In 2017, we wrote the original article for our “Favorite Lenses Used For 10,000 Couples Portraits.” This was before the introduction of the Canon R5 and the introduction of their game-changing RF lenses. In particular, the Canon RF 28-70mm f/2L USM Lens changed our entire approach.
How? Well I no longer use prime lenses within that range. The 28-70mm f/2L has eliminated the 24mm prime, 35mm prime and 50mm prime from my wedding and engagement shooting kit. Now, all I need are the following lenses:
- Canon RF 28-70mm f/2L USM Lens
- Canon RF 70-200mm f/2/8L IS USM Lens
- Canon RF 15-35mm f/2.8L IS USM Lens
Moreover, while I have yet to take enough images to get you a precise number, I would estimate that at least 80% of my images are taken on the 28-70mm lens. The other two are necessary for specific moments and specific looks, but the 28-70 does the majority of the work. For more information and analysis on this lens, see the article The Canon RF 28 70 F/2 and Why It’s My Favorite Lens.
The original information in the 2017 video and the article still apply if you do not own this particular lens, so we’ve included it below.
Original Video – With a Full Frame Camera (Canon 5D Mark IV)
Original Article – With a Full Frame Camera (Canon 5D Mark IV)
Which lenses should you use throughout a wedding day?
The answer, perhaps surprisingly, has more to do with the specific look and style of imagery you are trying to capture than anything else. Some lenses lend themselves more to journalistic or environmental images while others are more appropriately used to capture traditional portraits. Whatever lenses you decide to pack, it is important to choose the right ones for the job.
You will also want to consider how much weight in gear you want to carry. When covering a 14-hour wedding, the last thing you want to do is lug around gear that you will not really need or use. We suggest taking no more than 3 lenses for a couples portrait session to allow you to move efficiently and think more creatively.
If you don’t already own an arsenal of lenses and are considering which make and model of lens to buy, we recommend buying the best gear that you can afford without burying yourself in debt. As one could probably guess, we have found that high-end lenses deliver consistently sharper images, which saves time and energy in several ways:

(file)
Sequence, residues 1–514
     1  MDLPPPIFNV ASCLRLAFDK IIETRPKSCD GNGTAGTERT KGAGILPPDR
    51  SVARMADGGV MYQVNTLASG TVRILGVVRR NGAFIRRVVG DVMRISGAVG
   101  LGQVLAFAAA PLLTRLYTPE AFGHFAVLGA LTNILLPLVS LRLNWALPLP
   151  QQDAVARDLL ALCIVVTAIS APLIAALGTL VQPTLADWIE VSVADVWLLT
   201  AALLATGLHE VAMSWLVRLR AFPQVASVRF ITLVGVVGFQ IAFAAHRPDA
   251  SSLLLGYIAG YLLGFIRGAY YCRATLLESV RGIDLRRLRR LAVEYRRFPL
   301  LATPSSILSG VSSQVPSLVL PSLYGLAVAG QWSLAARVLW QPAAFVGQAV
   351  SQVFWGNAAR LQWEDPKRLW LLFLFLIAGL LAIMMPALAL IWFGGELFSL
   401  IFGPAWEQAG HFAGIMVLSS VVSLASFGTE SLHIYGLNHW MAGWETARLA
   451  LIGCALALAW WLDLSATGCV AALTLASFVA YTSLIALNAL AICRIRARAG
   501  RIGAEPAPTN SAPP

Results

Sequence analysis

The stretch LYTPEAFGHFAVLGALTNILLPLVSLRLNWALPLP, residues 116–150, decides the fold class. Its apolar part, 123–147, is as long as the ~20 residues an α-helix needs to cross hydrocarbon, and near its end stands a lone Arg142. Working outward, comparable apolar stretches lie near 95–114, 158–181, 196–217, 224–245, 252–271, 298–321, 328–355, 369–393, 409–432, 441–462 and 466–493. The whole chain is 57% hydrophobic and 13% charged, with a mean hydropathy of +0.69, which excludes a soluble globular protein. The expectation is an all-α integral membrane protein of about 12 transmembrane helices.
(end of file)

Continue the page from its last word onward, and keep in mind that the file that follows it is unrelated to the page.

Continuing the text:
- Fewer shots to nail focus
- Lower overall image count
- Less culling time in post
To determine which lenses we use most, we looked at over 10,000 of our very own wedding day couples portraits and this is what we discovered:
Our top 3 lenses for wedding day coverage
35mm Prime: 28% of 10,000 images
Though it is a prime lens, the 35mm is great for a wide range of shots, from wide landscapes to medium portraits. Be careful, however, not to frame subjects toward the edge, especially when closer up, to avoid distortion.
50mm Prime: 25% of 10,000 images
The 50mm prime is another great portrait lens that also can be used for wider and closer up portraits, but again, not too close. Like the 35mm, the 50mm lens will also exaggerate facial features and any lines or objects along the edges of the frame.
24mm Prime: 23% of 10,000 images
This environmental portrait lens works well for wide landscapes. The exaggeration of objects toward the edges of the frame can be used to turn wider images into epic landscape portraits that allow the environment to wrap around the couple, especially when shot with the aperture wide open.
Our runner-up lenses for wedding day coverage
85mm Prime: 10% of 10,000 images
Also known as a true portrait lens, the 85mm prime offers great compression and background bokeh at wider apertures. You can also stand closer for more intimate portraits because the 85mm does not distort the image along the edges like some of the wider angle lenses.
70-200mm Telephoto: 8% of 10,000 images
With a great zoom lens comes great versatility. The 200mm focal length works wonders for environmental compression shots, making the background appear much closer than it actually is. Shooting farther away can also be beneficial for taking candid portraits, as the photographer is physically removed from the scene and the zoom and compression still allow the viewer to feel that they are in the moment with the couple.
90mm Tilt-Shift: 4% of 10,000 images
Perhaps more than any other lens, the tilt aspect of the tilt-shift lens literally uses focus to direct the viewer’s attention to the subject. While a shallow depth of field from other lenses with similar focal lengths and apertures also use a limited focal plane to draw focus, the tilt effect further minimizes the sharp areas of the image, and the soft look of the image is perfect for wedding day couples portraits.
This article relates directly to a video from our Photographing the Couple workshop, where you can learn how to pose, light, capture, and post-produce creative and inspiring couples portraits just like those that you see above. Upgrade to SLRL Premium now to enjoy full streaming access to this workshop and many others in our extensive library!